Contributions of Procedure and Stimulus Learning to Early, Rapid Perceptual Improvements

Jeanette A. Ortiz*, Beverly A. Wright

*Corresponding author for this work

Research output: Contribution to journalArticlepeer-review

51 Scopus citations


Improvements in performance on many perceptual skills can occur with only a single training session. Of interest here is what aspects of the training experience are being learned during this brief exposure. Although there is considerable evidence that learning associated with specific feature values of the stimulus used in training (stimulus learning) contributes to these rapid improvements, there has been little direct investigation of the possibility that other types of learning do so as well. Here the authors show that not only stimulus learning but also learning of more general aspects of the training experience (procedure learning) contributed to rapid improvements in performance on interaural time difference discrimination. However, practice on the type of judgment to be made did not appear to aid performance (no task learning). These results are consistent with physiological reports that different neural mechanisms are engaged at different time points during even a brief training session, and imply that the circuits that are engaged and likely modified vary in the degree of their selectivity to the target condition. Such changes presumably enable further learning.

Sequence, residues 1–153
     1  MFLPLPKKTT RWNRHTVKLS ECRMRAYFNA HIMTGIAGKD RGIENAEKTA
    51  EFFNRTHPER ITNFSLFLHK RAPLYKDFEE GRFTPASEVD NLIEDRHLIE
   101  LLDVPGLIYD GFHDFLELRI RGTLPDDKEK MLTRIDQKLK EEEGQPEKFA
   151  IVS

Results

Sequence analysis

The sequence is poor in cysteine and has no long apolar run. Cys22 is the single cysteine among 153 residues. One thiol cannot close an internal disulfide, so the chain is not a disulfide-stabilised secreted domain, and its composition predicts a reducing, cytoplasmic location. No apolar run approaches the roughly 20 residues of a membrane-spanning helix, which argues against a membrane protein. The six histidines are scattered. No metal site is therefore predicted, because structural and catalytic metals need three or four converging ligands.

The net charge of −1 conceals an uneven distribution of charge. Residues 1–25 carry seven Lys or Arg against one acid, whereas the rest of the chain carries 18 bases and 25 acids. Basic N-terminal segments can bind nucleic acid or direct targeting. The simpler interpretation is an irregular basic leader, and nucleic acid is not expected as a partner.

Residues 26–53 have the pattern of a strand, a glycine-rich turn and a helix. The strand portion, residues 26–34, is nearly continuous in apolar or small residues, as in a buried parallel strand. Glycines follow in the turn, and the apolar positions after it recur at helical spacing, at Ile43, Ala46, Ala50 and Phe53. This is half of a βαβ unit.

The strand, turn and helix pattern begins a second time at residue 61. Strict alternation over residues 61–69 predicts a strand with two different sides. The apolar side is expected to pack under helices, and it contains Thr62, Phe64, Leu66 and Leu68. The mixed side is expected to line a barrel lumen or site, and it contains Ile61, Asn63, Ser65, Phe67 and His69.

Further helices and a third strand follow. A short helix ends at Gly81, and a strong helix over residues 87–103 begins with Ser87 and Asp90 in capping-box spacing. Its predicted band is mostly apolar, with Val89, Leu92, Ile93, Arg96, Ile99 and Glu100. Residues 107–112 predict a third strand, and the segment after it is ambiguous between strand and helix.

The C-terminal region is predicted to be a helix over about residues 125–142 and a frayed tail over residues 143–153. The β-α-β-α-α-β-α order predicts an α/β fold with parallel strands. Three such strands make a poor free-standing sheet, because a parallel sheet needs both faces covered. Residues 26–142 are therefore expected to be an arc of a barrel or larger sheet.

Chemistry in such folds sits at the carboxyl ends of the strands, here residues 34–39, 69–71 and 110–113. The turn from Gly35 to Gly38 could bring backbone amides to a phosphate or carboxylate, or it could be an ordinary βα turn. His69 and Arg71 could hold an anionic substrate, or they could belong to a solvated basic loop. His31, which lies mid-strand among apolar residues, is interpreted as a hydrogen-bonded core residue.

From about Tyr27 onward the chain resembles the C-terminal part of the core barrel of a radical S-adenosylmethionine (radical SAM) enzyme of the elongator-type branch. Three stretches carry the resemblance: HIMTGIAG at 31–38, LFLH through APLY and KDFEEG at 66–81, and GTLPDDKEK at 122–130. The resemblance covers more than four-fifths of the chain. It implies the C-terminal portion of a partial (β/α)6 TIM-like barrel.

Original languageEnglish (US)
Pages (from-to)188-194
Number of pages7
JournalJournal of Experimental Psychology: Human Perception and Performance
Issue number1
StatePublished - Feb 2009


  • auditory
  • human
  • interaural time difference
  • perceptual learning
  • procedural learning

ASJC Scopus subject areas

  • Experimental and Cognitive Psychology
  • Arts and Humanities (miscellaneous)
  • Behavioral Neuroscience


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